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Concert, CD posters in Los Angeles
Concert, CD posters in Los Angeles


By Ramin Tabib
The Iranian
May 1997

The Iranian entertainment machine in Los Angeles spews out a large number of different attractions every year: shamelessly hyped concerts, extravagant solo performances and even comedy-musical plays. Concerts, however, are the grand daddies of these pseudo-entertainment events, and there are only a few periods during which the full blast of Iranian concerts unleashes.: Noruz, Christmas and all summer long.

Noruz, as most Iranians search for a way to connect to their Persian heritage, is a particularly ripe time and a unique opportunity for entertainment brokers to exploit the occasion and showcase their skills... excuse me, talents. They do their best to lure weary, alienated Iranians to concerts and bill the event as a Persian cultural event.

This new year was no exception. There were at least two mega-concerts competing for attendees. Concerts used to be exclusive to one or two performers per night. But competition for Iranian dollars, dwindling concert goers, and the simple frustration with the insulting ways concert goers have been treated by brokers has led to concerts becoming packed with three, four or even five singers. This year, one Noruz concert included four major and marketable singers.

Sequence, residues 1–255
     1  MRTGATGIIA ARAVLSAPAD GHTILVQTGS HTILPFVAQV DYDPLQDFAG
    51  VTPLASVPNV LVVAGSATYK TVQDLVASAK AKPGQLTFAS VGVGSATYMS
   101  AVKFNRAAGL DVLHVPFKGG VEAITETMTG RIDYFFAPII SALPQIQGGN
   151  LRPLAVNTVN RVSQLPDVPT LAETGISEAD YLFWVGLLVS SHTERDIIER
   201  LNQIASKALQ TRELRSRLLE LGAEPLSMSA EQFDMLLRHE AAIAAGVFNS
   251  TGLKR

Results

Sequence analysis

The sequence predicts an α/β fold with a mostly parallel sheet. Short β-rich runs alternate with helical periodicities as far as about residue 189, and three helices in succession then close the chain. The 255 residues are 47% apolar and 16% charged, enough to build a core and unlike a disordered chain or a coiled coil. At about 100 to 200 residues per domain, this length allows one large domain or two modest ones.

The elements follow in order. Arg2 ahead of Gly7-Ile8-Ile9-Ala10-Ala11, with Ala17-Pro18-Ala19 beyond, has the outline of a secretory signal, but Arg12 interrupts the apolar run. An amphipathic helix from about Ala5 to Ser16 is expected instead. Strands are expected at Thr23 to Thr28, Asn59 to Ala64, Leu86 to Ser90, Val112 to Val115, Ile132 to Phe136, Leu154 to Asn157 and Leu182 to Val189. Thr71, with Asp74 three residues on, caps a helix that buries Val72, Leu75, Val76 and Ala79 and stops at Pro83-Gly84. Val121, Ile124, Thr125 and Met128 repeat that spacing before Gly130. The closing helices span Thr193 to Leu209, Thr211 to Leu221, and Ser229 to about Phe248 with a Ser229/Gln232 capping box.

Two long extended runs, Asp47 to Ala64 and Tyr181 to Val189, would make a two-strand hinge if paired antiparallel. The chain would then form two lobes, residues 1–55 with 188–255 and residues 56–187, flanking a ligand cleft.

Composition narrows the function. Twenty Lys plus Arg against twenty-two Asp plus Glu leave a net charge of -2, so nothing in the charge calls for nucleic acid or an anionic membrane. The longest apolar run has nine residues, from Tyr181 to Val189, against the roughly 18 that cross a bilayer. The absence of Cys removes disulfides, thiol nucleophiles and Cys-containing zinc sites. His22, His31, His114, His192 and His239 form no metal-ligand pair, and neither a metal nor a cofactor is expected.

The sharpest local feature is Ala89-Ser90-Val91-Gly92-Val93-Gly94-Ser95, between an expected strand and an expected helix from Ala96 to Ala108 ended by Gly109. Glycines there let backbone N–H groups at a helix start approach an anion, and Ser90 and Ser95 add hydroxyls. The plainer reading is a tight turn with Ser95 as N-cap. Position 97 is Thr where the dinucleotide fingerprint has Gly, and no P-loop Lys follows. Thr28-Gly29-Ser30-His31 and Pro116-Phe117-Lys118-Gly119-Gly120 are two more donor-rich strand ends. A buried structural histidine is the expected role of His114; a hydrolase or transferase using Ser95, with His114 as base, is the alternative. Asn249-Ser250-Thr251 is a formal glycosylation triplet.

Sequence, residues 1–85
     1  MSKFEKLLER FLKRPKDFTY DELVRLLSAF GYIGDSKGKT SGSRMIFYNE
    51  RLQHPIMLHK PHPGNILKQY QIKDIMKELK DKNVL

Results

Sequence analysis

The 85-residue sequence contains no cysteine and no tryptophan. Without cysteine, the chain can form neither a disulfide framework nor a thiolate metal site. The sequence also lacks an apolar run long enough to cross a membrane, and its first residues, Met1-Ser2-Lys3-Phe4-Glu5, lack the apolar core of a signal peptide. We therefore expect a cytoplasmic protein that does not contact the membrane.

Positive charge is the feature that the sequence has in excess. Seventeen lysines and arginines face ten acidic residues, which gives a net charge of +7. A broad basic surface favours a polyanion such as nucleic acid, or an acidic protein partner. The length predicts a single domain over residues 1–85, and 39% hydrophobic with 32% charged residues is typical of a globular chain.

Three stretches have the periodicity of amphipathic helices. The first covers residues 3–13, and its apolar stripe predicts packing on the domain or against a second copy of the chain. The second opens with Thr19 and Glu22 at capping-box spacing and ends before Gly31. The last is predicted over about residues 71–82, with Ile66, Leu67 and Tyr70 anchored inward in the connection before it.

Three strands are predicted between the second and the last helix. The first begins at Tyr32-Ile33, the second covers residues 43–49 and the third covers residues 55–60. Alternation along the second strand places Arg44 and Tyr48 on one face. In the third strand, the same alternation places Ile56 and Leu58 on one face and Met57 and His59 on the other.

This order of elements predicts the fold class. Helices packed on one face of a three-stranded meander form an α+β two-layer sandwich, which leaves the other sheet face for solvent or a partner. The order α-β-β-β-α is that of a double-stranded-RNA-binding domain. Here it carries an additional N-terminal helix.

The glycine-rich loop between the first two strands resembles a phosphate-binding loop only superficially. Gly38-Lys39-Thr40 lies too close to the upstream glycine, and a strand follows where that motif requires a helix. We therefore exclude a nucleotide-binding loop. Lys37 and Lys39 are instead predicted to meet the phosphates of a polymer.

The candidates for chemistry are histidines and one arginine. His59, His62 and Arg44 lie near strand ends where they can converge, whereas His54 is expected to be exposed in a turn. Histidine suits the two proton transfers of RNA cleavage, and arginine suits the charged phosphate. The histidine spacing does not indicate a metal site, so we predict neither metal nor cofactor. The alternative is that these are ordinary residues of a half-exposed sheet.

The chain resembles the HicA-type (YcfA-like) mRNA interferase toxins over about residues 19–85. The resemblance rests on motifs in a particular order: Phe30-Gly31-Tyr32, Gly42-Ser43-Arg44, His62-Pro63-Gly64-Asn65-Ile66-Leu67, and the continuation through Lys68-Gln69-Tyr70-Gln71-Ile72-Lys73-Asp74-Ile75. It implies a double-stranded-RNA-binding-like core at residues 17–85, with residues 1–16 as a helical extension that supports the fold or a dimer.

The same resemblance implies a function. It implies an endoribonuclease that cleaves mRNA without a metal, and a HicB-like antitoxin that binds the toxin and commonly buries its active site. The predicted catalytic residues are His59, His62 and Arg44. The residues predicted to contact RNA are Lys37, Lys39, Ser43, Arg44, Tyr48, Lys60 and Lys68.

Iranian concerts are a feast for the eye. I think if I were a non-Iranian, I would have a blast attending one, just for the sheer hysterical cultural value of it. For example, the etiquette of Iranian concerts goes something like this. No matter what time is printed in bold black on the face of the ticket, and no matter how many times people are begged on local Iranian radio and TV to please, please be on time, no one shall attend a concert earlier than two hours after the announced time. And then you have to wait some more for the performers to show up.

Also important, and subverted only in extraordinary circumstances, is the rule that every one should be draped in black. The funeral/concert is the place to showcase the best of this season's downtown Los Angeles fashion in black: Italian suits made in Hong Kong, black miniskirts, black Gucci and Prada look-alike pants, black silk shirts, fake black Chanel purses and black Taiwanese platform shoes.

It is also mandatory at Iranian concerts to be rude. That means, if you are known by those around you to be a modestly polite and well-mannered gentleman, you change into the opposite. Anything goes, specially, lewd comments to strange women and sarcastic, cruel comments about other men. If you are a woman, the rules change, but the application is similar. You degrade and put down fellow women's appearance, scorn their behavior in public and cringe your facial muscles in disgust at most men who lock eyes with you.